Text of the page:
Blue mosque:  Also known as the Amman Mosque or King Abdullah Mosque (who is the current King).  I love the blue mosaic tiles on the doomed roof.

Hand of Hercules: Last and final hour in Jordan… and we came very close to a disaster.  Part of the rules of this competition is that you must complete several MANDATORY scavenges in each country.  If you don’t finish the mandatories, you lose ALL points for that leg.  Yikes !!!  Strategizing about how and when to complete the mandatories is totally stressful because there is so much on the line.  But, coming in to the last hour of the Jordan leg, we were feeling pretty good. We had only ONE final mandatory to complete and then off to check-in.  And it was supposed to be easy.  We had to get to the Amman Citadel and find the Hand of Hercules. We take a taxi.  We get out.  We walk to the gate.  Wait… its locked. The Citadel closed 12 minutes before.  But, but, but … we must get this mandatory or we lose everything.  I started freaking out.  Rainey and I began hunting for ways out of this mess. And we figured out that a little money, in the hands of the right security guard at the Citadel, can get a back gate unlocked and – suddenly – you are there, standing in front of a scattering of body parts from a broken up Hercules statue… and there’s his hand.  If I could have reached it, I’d have laid a big smoochy kiss on each finger.  Crisis averted.

Amazing how beauty can flourish even in the most barren of places.

Next up… Athens, Greece.  We only have 30 hours here and a book of scavenges to get accomplished. Rainey and I are still in first place, but it’s a tight competition.  We have no room for error.   We must plot and strategize perfectly and then spend some time in the Hurt Locker going hard to stay head of team Lazy Monday, who are nipping at our heels. To  be honest, I am exhausted from the Jordan leg where we got very little sleep.  Got to find my second wind.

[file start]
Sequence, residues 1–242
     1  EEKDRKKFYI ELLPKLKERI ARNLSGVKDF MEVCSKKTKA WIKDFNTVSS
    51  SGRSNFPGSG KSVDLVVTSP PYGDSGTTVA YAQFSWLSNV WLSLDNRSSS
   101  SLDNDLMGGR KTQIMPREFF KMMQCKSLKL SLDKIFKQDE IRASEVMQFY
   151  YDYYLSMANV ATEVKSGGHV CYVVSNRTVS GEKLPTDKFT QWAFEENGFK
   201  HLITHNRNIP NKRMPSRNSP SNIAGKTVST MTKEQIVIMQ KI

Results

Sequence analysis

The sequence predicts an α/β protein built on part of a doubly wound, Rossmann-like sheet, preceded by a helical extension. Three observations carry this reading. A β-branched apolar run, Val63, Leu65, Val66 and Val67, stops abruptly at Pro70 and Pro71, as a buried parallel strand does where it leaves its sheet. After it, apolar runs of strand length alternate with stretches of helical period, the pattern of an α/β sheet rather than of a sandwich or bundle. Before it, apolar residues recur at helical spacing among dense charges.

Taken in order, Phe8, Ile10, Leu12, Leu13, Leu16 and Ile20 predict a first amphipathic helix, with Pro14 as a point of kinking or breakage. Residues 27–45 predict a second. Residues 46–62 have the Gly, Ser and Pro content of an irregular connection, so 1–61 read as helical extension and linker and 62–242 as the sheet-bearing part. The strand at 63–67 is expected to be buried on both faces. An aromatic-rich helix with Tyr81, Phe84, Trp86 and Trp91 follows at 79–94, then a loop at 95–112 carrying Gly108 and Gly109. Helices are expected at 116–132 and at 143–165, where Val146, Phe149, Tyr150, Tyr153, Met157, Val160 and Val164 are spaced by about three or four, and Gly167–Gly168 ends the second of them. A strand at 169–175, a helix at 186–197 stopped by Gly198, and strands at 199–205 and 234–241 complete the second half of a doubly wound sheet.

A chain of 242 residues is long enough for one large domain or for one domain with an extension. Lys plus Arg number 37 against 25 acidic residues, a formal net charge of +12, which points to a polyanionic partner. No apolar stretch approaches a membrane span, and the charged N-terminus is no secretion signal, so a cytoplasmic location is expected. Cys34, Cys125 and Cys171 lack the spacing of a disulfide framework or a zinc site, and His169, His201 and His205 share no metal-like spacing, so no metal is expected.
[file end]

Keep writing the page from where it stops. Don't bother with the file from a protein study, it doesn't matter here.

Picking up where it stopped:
We’re off and running.

Tuesday, April 23, 2019

GSH 2019 – All Around Abu Dhabi

We had essentially 12 hours to scramble around Abu Dhabi and see as much as we could.  Sadly, the new Louvre museum was closed on the ONLY day we were in town, so we did not get to see that attraction. But we still got a ton done in a short period of time.

Falcon Hospital:  What??? A hospital just for falcons?  Yup.  Falcon raising and competing is such a big deal in the Middle East that there is a dedicated hospital just for them.  

Remember, these birds cost more than a car. People pay as much as half a million dollars for a well-bred falcon.  So they are treated like kings.  The falcons travel to competitions overseas sitting in their very own first-class airplane seat next to their handler. They even get their own airplane food menu with chooses of different “fresh kill” meat options.  

And, several times a year, every falcon comes to the hospital for check-ups and blood work and vaccinations.  Plus, the hospital has an ICU and surgery suites and X-ray machines to treat any accident or mishap. 

Compared to the Yangon General Hospital that we saw last week (which is clearly a misnomer as “Yangon General Hospice” would be a far better title since I don’t think anyone escapes alive from that fermenting black hole of germs), the Falcon Hospital is 800+ years more technologically advanced. Shiny clean, the latest and greatest machinery and medicine … if I ever get sick in Abu Dhabi, I’d head there first.